The impact had the least effect on the last occupied car of each train, but even those passengers were thrown from their seats, suffering minor injuries. The two trains had a total of 16 cars, half of which were splintered and piled atop each other.

While all the cars were badly damaged, it was the front of both trains that suffered most. Several of the lead cars were completely destroyed. Others telescoped within each other, causing horrific injuries. Screams of pain drew help from those who were less impaired.

The two trains carried more than 200 passengers. Nearly everyone suffered some type of injury from flying bits of glass and metal. Some victims were pinned within the wreckage, and a few were thrown through windows. Thirty-seven (mostly from the 650) required hospitalization.

Three passengers suffered critical injuries, including at least one amputation. There were dozens of broken bones and dangerous cuts. When some of the damaged cars ignited, passengers and railroad employees joined forces to extinguish the flames. Others performed rescue missions, removing victims and lining them up side-by-side near the tracks for treatment.

Three men were killed in the accident. Frank Foulkes, conductor of the northbound train (651), was later found in a standing position, crushed to death by the baggage that surged forward from the suddenness of the impact. John Glen, Union News Company agent on the southbound train (650), was killed when he was caught between two cars. William Yordon, fireman on the 650, died in his engine, scalded to death by the steam, much like the hero of the song “Wreck of the Old 97.” Another report said that Yordon’s head was crushed.

A surgeon and a few doctors arrived from Old Forge, tending to the wounded. Trains were dispatched from Malone and Utica to haul the injured passengers both north and south. Another train set forth from Utica, carrying several more doctors to the scene.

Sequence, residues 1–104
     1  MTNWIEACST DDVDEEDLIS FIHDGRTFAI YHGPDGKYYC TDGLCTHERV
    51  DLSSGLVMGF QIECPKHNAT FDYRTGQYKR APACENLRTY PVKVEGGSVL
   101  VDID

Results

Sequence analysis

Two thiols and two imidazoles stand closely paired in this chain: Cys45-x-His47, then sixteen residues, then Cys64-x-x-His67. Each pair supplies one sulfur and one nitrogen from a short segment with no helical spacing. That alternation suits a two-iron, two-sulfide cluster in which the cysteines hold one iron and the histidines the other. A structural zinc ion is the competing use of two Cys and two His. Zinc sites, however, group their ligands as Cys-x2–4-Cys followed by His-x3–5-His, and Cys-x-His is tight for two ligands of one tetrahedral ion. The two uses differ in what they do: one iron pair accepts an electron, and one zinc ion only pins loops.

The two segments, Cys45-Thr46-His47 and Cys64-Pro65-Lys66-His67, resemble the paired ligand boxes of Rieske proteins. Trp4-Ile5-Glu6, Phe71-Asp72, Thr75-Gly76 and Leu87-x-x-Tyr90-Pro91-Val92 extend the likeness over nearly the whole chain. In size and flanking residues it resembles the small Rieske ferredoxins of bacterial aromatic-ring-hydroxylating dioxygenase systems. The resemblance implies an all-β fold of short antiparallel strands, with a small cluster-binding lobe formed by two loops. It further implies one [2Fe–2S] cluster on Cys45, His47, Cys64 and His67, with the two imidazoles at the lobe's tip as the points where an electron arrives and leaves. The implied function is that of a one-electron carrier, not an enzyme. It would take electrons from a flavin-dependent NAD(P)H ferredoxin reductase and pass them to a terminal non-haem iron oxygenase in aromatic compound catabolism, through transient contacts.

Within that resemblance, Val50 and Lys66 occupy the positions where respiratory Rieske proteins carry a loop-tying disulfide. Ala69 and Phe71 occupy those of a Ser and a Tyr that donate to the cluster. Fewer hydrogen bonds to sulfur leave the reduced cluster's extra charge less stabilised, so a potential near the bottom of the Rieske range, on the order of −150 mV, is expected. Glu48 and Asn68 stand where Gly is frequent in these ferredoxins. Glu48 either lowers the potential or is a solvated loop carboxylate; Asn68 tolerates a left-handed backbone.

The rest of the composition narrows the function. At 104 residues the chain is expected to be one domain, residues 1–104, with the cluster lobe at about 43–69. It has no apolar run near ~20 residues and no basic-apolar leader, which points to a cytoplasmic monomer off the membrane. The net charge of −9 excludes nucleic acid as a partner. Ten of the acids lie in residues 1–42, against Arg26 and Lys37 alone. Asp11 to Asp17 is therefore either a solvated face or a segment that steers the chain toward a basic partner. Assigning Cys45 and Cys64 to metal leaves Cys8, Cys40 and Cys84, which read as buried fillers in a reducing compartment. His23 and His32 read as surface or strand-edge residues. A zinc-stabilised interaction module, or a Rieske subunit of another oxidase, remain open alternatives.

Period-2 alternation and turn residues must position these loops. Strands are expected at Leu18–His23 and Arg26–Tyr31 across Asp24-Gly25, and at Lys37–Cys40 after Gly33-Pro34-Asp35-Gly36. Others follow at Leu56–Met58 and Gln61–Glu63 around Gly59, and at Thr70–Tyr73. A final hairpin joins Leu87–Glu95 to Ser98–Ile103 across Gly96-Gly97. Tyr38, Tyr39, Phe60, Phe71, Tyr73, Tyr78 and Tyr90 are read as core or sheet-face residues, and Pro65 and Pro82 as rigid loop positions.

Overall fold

The northbound 651 wasn’t only carrying human passengers that day. A theatrical company, performing A Texas Steer at various theaters and opera houses, was on board, including a variety of animals. Identified as the Bandit King Company, the troupe had a special horse car for animals belonging to the show.

When the collision forced the door open, a horse leaped out and ran off. Others weren’t so lucky. A passenger reported that the trained donkey, the pigs, and most of the other animals were killed. Amidst the chaos and their own losses, the men and women performers provided first aid for the injured until doctors arrived. They were later praised effusively for their efforts.

It took a 40-man crew four days to clear the wreckage from the massive pileup. The official report to the New York State Senate by the superintendent of the Grade Crossing Bureau in 1904 cited the placement of the engineman’s finger on the note as the probable cause of the accident.

Photos: Top―1912 map of the Nelson Lake area 7 miles southwest of Old Forge. The extra tracks at Nelson Lake indicate the siding. Bottom: Unfortunate thumb placement inadvertently led to tragedy.

Lawrence Gooley has authored ten books and dozens of articles on the North Country’s past. He and his partner, Jill McKee, founded Bloated Toe Enterprises in 2004. Expanding their services in 2008, they have produced 20 titles to date, and are now offering web design. For information on book publishing, visit Bloated Toe Publishing.

Plattsburgh’s Brush with the Titanic


By on

0 Comments

In the past 200 years, a few ships have borne the name Plattsburg. In the War of 1812, there was the unfinished vessel at Sackets Harbor, a project abandoned when the war ended. There was the rechristened troop transport that hauled thousands of troops home from the battlefields of World War I. There was the oil tanker that saw service in the Pacific theater during World War II. And there was the cruise boat that plied the waters of Lake Champlain in 2003–4. One of them played a role in the most famous maritime disaster of all time.

The unfinished ship at Sacket’s Harbor had been designated the USS Plattsburg. The oil tanker was the Plattsburg Socony, which survived a horrific fire in 1944. Thirty-three years later, after two more renamings, it split in two beneath 30-foot waves and sank off Gloucester. The cruise ship was the short-lived Spirit of Plattsburgh. But it is the USS Plattsburg from the First World War that holds a remarkable place among the best “what if” stories ever.

In early April 1917, just three days after the United States entered World War I, a merchant marine ship, the New York, struck a German mine near Liverpool, England. The damage required extensive repairs. A year later, the ship was chartered by the US Navy, converted into a troop transport, and newly christened the USS Plattsburg.